Look down. Look at the floor – that cheap, brittle, 10-year-old laminate flooring. That needs to go, and we’ll replace it with some “cost-efficient” engineered hardwood.
Look around. Look at the dirty walls, which we’ll need to paint. Look at the brutal kitchen appliances, which we’ll need to replace. Look at the door handles and hinges, which are all gold, when every newer condo has chrome or brushed-nickel.
Look up. Look at the burnt light fixtures, that were probably five dollars each when the developer put them in when Paul Martin was still our Prime Minister.
A simple, cursory view of the condo can give you a very good idea of what needs to be replaced.
So here was our renovation list:
-entire unit painted (570 square feet: walls, trim, baseboards & quarter-round, doors)
-new engineered hardwood in kitchen, living, dining, bedroom (bedroom had disgusting carpet)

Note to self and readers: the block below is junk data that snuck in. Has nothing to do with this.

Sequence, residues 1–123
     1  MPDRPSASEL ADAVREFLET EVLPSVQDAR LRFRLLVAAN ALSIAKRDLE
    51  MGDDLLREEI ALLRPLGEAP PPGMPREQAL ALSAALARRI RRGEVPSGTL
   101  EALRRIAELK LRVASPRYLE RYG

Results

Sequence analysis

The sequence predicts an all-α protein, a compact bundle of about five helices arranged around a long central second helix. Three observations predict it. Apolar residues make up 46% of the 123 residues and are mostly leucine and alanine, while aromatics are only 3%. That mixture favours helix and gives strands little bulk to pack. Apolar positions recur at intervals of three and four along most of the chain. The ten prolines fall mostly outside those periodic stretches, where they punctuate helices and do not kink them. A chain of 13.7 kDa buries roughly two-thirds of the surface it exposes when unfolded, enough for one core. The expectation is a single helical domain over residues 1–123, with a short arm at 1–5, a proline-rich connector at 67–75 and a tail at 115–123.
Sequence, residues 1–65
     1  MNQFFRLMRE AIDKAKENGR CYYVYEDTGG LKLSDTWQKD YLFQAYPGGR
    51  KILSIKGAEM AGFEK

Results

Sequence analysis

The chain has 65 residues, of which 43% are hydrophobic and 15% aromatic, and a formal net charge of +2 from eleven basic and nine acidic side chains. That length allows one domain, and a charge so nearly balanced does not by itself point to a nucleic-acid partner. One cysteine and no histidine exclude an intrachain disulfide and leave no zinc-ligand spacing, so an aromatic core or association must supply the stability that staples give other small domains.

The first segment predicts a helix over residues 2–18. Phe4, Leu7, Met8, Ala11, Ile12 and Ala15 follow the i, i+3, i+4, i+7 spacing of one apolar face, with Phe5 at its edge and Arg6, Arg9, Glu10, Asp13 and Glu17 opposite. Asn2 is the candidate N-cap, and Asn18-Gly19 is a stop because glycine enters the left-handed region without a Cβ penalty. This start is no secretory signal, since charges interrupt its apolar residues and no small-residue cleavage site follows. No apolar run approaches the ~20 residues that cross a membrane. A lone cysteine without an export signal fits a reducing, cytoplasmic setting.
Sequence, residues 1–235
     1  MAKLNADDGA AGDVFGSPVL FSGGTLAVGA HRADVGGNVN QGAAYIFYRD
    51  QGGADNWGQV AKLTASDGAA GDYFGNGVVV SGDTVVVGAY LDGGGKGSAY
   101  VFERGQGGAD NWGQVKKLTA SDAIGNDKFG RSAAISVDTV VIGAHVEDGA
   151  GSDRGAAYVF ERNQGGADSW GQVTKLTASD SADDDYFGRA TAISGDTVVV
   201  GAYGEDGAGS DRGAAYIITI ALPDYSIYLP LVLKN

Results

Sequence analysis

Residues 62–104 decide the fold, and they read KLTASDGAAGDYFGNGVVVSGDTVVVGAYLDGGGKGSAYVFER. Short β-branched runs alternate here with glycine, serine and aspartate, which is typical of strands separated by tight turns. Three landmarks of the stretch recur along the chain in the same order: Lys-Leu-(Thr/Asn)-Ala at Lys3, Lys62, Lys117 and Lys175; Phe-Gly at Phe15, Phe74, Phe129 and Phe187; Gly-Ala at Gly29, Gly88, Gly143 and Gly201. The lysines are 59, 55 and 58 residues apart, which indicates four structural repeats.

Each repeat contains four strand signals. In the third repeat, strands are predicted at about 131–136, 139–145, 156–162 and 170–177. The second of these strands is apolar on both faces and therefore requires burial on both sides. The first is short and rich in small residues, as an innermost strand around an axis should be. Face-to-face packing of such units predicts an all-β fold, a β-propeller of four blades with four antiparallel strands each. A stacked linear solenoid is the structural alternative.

-new bathroom vanity
-new bathroom shower tile
-remove sliding door on tub (really old style…), and re-glaze tub
-new stainless steel kitchen appliances
-new doors, door handles and hinges (replace gold with brushed nickel)
-re-grout and polish tile in foyer
And that, folks, cost $12,000.
The condo looks like a completely different unit, believe me.
And the seller freely admits – she didn’t put a penny into that unit for a decade, so it’s basically like having paid $1,200 per year of ownership, except everything is 2015-new.
The $12,000 investment won’t just get her a $20,000 return, but rather it will get the condo sold in the first place.
The ROI? Yeah, that’s important.
But you can get a return until you sell. And you can’t sell the unit when it’s in such awful shape that the only people who will buy it are “looking for a deal.”